Flash fiction is the cupcake of literature. And it’s a totally different experience than a 3-layer wedding cake. Yes, they both have plot, character, story, poetry. But for me, the gift is in the intention. I love cakes and cupcakes, but I love them differently and for different reasons, and they require different visions and skills. Yes, we could produce gallons of batter and pour it into big sheet pans, and that is glorious. But we can also focus, shrink, and condense a tiny bit of our creative batter into a perfect circle, the delicate precision of a story you can hold in the palm of your hand.

April Bradley: How does microfiction differ?

Well, I guess that would make micro fiction the cake pop. One bite, and one bite only. But wow—what a bite.

READ MORE HERE

“Going Short” featured in Reader Views Book Reviews

Posted on  by Reader Views

“an energetic, comprehensive guide….If you like the short form, as a reader or writer, make sure Going Short is part of your must-read library.”

Readers VIews

Going Short: An Invitation to Flash Fiction (Master Class Series)

Nancy Stohlman
Ad Hic Fiction (2020)
ISBN: 9781912095797
Reviewed by Tammy Ruggles for Reader Views (01/2021)

“Going Short: An Invitation to Flash Fiction (Master Class Series)” by Nancy Stohlman, is an energetic, comprehensive guide that teaches writers how to write flash fiction.

Some readers like long, luxurious stories, while others like them short and sweet. Writers are no different. Some enjoy writing the long novel, while others enjoy the shorthand style of flash fiction. Some, of course, prefer to do both. If you’re a writer who’s never dabbled in flash fiction but wants to, or one who has but would like to take a deeper dive into the process and take your writing to the next level, then this book is all you really need. Stohlman takes you through the basics–what flash fiction is, what it isn’t, and what it could be when done well. Anyone can write a super short story. But does it still make an impact? Is it as entertaining and moving as if you’d written it long? This book will help you explore that and will give you hands-on instruction on how to make your flash fiction the best it can be.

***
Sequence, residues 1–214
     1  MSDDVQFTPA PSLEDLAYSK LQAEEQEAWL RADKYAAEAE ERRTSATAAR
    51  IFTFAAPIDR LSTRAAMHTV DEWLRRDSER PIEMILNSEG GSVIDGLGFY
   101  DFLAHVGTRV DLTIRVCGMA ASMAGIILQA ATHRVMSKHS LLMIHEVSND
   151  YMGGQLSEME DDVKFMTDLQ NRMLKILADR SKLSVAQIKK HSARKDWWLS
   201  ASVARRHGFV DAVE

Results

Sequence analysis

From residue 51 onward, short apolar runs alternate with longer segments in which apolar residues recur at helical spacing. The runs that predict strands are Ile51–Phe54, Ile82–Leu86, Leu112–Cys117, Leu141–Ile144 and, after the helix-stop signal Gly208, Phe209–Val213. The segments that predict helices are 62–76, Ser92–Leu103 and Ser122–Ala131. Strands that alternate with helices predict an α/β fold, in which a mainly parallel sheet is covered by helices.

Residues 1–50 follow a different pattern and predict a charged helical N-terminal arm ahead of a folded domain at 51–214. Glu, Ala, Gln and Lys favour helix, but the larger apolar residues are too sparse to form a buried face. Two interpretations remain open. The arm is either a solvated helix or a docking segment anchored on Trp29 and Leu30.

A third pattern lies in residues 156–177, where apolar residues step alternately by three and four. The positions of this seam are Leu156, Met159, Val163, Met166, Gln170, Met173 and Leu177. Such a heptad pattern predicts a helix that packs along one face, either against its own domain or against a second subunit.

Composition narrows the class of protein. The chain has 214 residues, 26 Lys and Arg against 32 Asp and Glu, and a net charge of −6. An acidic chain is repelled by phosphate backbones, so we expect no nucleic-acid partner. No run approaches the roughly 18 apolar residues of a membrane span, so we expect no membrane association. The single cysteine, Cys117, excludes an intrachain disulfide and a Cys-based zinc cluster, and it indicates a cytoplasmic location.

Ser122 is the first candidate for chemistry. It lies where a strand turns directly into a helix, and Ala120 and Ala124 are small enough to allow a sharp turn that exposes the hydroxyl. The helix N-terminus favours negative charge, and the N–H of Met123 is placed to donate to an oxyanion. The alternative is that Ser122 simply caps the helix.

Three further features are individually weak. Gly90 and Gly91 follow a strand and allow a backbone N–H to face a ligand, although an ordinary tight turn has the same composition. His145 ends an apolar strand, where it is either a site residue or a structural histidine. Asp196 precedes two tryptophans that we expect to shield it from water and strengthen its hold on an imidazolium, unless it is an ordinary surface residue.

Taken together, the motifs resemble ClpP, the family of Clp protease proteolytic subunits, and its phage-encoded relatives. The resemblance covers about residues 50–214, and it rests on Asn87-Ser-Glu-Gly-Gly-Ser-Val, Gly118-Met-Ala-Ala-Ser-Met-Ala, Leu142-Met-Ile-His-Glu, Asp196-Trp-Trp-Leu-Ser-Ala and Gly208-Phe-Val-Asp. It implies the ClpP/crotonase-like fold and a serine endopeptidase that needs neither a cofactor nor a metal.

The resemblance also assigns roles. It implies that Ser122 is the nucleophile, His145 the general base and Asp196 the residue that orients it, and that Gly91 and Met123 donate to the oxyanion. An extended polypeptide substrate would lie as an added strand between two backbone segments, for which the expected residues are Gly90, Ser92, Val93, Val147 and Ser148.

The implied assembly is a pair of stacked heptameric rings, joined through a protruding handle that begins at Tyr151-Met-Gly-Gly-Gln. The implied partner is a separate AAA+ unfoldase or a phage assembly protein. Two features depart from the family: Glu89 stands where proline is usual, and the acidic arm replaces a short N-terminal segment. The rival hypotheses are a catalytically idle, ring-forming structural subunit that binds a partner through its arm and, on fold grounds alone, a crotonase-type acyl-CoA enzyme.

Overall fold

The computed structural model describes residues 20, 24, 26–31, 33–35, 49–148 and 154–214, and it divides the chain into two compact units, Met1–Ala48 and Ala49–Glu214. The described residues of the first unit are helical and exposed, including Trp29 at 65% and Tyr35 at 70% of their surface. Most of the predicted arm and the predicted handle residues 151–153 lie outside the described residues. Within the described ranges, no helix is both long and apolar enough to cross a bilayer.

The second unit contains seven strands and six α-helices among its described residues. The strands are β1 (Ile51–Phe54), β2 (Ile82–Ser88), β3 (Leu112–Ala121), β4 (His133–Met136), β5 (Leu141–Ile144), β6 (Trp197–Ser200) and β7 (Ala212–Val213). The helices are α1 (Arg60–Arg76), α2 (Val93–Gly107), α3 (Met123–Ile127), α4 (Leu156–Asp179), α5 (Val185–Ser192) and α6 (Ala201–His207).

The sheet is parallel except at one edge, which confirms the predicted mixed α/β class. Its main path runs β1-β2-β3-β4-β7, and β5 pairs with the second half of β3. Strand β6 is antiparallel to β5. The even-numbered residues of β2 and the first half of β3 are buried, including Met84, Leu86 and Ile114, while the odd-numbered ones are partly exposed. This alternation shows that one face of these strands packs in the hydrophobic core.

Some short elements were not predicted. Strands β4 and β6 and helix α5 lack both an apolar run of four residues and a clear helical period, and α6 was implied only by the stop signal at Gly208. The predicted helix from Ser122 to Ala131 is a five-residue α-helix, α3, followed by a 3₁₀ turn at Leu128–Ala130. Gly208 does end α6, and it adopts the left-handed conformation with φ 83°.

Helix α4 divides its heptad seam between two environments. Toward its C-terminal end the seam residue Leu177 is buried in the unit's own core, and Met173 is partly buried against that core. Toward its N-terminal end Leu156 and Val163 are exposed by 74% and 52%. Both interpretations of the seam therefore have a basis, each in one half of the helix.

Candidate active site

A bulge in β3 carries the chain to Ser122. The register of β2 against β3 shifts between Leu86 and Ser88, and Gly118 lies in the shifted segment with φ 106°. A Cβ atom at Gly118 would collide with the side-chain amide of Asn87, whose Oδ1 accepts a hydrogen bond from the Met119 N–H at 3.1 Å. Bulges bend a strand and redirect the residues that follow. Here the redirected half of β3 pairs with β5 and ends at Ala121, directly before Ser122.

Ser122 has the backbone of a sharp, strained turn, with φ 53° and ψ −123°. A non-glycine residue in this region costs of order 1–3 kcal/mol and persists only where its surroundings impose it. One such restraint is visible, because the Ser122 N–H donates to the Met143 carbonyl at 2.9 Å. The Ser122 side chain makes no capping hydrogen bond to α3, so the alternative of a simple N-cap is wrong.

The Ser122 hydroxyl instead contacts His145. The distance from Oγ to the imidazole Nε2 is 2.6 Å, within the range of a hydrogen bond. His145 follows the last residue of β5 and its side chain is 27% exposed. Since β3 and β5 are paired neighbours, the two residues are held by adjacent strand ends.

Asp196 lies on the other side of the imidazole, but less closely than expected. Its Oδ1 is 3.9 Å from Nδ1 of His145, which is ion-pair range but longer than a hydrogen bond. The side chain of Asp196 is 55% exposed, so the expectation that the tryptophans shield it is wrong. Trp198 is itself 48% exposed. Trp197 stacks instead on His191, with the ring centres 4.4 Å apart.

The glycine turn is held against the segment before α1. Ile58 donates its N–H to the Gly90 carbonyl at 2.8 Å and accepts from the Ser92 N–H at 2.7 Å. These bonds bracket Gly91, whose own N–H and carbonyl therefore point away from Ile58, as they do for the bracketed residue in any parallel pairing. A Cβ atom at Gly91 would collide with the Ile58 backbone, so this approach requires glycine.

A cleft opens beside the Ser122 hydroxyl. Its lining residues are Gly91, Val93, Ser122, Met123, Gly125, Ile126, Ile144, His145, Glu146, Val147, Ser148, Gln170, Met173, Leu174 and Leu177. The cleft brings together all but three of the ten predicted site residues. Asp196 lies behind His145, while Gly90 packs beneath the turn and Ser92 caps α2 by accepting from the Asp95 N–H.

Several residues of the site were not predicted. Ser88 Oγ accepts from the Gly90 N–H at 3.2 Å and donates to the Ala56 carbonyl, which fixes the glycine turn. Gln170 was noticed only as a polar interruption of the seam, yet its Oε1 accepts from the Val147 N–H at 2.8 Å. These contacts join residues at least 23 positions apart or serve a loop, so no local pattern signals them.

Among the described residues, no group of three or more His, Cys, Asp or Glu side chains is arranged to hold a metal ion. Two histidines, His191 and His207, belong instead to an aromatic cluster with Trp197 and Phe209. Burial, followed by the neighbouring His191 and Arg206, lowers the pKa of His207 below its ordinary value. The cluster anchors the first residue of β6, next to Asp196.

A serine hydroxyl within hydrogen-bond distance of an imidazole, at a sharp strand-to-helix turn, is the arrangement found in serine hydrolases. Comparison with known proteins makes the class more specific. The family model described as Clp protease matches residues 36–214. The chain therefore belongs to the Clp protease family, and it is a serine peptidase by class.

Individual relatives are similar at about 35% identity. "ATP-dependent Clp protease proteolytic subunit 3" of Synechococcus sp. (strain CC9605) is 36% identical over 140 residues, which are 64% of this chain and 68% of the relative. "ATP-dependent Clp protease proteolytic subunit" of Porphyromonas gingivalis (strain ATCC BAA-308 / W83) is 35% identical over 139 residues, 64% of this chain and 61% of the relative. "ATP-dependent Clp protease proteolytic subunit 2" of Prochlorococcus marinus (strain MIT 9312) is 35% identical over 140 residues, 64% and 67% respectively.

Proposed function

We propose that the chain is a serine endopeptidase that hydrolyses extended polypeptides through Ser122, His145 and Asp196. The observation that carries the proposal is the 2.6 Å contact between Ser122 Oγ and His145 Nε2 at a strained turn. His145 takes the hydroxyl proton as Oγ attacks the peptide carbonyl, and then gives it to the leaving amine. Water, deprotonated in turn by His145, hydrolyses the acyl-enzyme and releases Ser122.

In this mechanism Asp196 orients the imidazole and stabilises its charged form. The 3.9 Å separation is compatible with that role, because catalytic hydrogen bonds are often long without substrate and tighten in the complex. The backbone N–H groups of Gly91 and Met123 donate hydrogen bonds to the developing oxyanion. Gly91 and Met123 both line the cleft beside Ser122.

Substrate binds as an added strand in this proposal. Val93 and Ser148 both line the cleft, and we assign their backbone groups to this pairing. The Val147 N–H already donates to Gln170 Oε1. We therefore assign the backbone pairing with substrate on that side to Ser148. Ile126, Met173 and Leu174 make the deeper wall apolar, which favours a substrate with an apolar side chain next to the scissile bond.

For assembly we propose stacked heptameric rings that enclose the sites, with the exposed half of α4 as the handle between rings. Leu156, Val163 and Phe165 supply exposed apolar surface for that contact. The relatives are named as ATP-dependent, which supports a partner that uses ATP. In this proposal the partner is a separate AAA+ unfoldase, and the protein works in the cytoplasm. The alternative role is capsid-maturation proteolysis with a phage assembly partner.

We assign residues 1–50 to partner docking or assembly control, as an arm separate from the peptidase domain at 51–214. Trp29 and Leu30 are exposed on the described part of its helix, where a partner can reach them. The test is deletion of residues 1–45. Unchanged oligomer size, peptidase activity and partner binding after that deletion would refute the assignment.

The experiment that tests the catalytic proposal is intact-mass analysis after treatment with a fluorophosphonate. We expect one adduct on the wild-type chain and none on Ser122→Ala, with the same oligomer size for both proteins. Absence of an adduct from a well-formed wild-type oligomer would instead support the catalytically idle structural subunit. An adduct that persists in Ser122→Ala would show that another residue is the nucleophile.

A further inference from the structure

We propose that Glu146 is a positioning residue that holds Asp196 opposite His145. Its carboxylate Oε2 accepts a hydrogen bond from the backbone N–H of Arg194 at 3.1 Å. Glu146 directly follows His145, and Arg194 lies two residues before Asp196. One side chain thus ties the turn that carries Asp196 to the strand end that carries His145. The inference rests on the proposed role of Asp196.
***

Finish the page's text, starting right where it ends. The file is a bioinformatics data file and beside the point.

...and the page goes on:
We writers have all heard the advice “write tight” or “write lean.” But flash fiction is more than just being concise. It’s creating a meaningful story in a short amount of space–still satisfying. Still moving. It has nothing to do with short attention spans or a lack of time. It means you enjoy really short fiction, for its own sake.

“Death Row Hugger” now a short film by Cameron LeeWong

I’m not sure if there is anything more amazing than seeing your story become a short film, and Cameron LeeWong did an amazing job of capturing everything I wanted to say with this story. Thank you!

I do not know the names of the actors in this film, but please contact me for credit!

“Death Row Hugger” has been one of my most popular stories over the years. It was first published in 2014 in The Vixen Scream and Other Bible Stories and reprinted in 2018 the Norton anthology New Micro: Exceptionally Short Fiction.

Read the full story text here: